While he’s telling me this, Claire is following up unpaid invoices on the phone.
Earlier Anna had told me that the opening of a Waterstones branch in the centre of the town mid-summer had had as yet no discernible impact on their trade. They had known it was on the cards for quite some time, so to strengthen the service they already offer to schools Anna has developed http://www.bagsofbooklists.com/ an adjunct to the main shop website, where schools can register and order various curated lists with one click, at a minimum discount of 12.5% (discount increases with the total value of each order) – a service which, by virtue of its online nature, is available nationwide and not confined to the shop’s natural catchment area.
Back in 2008 they had arrived on the cusp of Christmas so had decided to live with the shop as it was for a few months before embarking on a total refit. The result, for anyone who remembers the old shop, is amazing. It is still narrow, but the centre is now a bright open space, with lots of playthings for very young children to amuse themselves with while adults browse.
Anna had told me that the bulk of their custom is with families of young children. They have a good range of Young Adult books, and parents purchase older fiction but “not a lot of teenagers come into the shop”. So who should I find up at the far end of the shop when I come through from the office to start taking photographs? A couple of teenage lads talking — initially to Annette and then later to Claire who, with three teenage children of her own, tends to be the shop’s specialist on older fiction — about the Beyond the Edge Chronicles series, which they had enjoyed but were looking to move on.
The shop has a loyalty scheme but has had to discontinue its physical membership cards because people kept losing them. Everything is now tracked on the till, with the calculation based on book numbers rather than the total value of a transaction. For every 12 books purchased customers receive a £5 voucher.
The refit has involved an expansion into what used to be an administrative area of the shop and this has meant more space can be given to non-fiction, which is particularly valued by teachers who come in to browse. Anna acknowledges that this space might have been used for a cafe corner, de rigeur in so many bookshops these days, and is open about the fact that she would rather not have to serve tea and cakes alongside books. She is happy to diversify into child-centred toys and stationery (she particularly likes selling sets of Stabilo crayons) but she doesn’t want to run a cafe.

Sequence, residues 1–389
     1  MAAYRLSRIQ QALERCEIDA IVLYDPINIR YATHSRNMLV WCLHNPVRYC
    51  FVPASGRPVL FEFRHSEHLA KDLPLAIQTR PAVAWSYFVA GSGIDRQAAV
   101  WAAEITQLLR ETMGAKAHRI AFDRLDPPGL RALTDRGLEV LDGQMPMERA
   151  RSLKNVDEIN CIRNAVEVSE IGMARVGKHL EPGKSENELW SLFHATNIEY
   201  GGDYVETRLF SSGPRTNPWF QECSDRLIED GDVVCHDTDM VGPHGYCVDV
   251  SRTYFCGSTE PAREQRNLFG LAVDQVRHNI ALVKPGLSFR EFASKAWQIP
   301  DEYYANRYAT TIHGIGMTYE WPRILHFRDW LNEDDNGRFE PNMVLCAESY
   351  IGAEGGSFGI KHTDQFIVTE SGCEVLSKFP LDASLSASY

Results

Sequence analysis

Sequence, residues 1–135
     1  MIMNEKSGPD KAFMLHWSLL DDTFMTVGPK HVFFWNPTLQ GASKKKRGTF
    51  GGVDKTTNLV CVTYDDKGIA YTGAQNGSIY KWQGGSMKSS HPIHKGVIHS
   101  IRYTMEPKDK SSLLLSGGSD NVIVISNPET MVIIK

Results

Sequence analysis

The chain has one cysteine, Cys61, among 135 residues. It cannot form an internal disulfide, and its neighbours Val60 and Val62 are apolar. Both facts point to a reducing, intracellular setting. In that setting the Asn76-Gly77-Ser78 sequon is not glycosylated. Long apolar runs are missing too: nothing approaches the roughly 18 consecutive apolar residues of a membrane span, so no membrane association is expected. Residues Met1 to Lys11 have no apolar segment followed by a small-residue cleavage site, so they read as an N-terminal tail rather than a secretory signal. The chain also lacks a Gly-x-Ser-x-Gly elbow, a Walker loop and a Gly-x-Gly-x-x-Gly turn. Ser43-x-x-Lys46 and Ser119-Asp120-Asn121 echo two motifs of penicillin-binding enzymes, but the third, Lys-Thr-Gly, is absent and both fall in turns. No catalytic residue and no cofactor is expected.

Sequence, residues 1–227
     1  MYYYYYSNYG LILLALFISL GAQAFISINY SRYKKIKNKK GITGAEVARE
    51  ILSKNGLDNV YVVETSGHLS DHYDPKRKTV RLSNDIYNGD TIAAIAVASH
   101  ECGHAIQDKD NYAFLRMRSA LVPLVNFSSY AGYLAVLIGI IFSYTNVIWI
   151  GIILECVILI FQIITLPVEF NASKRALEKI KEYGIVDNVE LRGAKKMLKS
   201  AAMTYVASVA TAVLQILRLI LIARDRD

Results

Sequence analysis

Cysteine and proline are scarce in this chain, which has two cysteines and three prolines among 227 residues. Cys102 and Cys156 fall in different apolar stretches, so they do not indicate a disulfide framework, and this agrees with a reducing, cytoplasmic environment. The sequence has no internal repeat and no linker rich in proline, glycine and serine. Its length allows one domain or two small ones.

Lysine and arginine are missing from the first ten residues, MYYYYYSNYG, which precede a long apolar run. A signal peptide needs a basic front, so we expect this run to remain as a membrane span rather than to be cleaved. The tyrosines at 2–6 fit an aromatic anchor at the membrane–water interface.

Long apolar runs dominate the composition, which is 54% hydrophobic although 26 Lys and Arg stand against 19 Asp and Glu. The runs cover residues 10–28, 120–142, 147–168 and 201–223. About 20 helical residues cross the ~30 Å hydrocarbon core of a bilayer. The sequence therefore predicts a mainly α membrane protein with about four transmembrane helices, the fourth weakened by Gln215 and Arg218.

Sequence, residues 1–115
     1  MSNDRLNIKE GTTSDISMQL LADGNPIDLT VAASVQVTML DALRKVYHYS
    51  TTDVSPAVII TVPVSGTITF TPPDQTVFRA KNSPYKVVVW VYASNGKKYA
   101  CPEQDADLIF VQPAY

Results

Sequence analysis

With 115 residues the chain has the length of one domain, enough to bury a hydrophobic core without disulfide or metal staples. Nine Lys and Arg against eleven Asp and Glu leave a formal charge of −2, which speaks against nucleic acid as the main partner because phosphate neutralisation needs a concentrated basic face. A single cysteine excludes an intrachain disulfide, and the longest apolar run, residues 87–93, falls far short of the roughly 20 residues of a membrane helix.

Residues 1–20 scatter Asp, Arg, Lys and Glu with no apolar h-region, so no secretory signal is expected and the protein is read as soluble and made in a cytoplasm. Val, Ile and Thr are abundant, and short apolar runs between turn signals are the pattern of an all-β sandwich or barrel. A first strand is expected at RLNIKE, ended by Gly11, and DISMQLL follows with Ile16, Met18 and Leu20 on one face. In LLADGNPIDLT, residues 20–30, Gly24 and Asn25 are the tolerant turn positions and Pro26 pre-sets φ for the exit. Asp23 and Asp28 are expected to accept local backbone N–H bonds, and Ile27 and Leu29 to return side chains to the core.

The shop has a healthy programme of events, running them at a rate of roughly two a month (something Waterstones is highly unlikely to compete with). The shop itself can comfortably fit an audience of between 20 and 25 which is sufficient for all but the events featuring the better-known and more popular names of the children’s books world. On those occasions the shop is able to use a space in the church on the opposite side of the street or a cafe & courtyard area round the corner. Chris Riddell is due shortly and the church space will definitely be needed for him.
Publisher ‘rep’ visits have continued importance to children’s bookshops and the reps visit the shop roughly every other month – with the exception of the Bounce Marketing, which now represents over 30 publishers of children’s books, making more frequent rep visits a necessity.
Anna and Gavin would love to get to more of the London events they’re invited to but with the shop to run and young primary aged children to look after it is difficult to get away. At the time of my visit though they were looking forward to their annual trip to the Booksellers Conference with an overnight stay in Warwick and a chance to meet up and share experiences with fellow booksellers and bookshop owners.
Annette is a HUGE Herve Tullet fan.
Dom Knight mourns the closure of one of Australia’s independent bookshops:
Great neighbourhood bookshops have an essential quality which cannot be replicated by any other means of book purchasing: taste. Looking across the impeccably neat piles of books arranged just inside the door of an excellent bookshop, and you will see dozens of utterly enticing books, with delightful covers and intriguing premises. You mightn’t have heard of the authors before, but in many cases, you soon will.
This is because good booksellers not only know what weare reading, and what wemight want to read, but what we should be reading. They put their favourite books out in prime positions, because they believe in them and hope somebody will discover them. More often than not, this is because they’ve actually read them themselves, and fallen in love with them.
Follow @SarahJChapman and the twitter tag #IndieBookCrawl
This summer, author Emma Chapman will be setting off on an adventure to visit as many independent bookshops as she can in one month.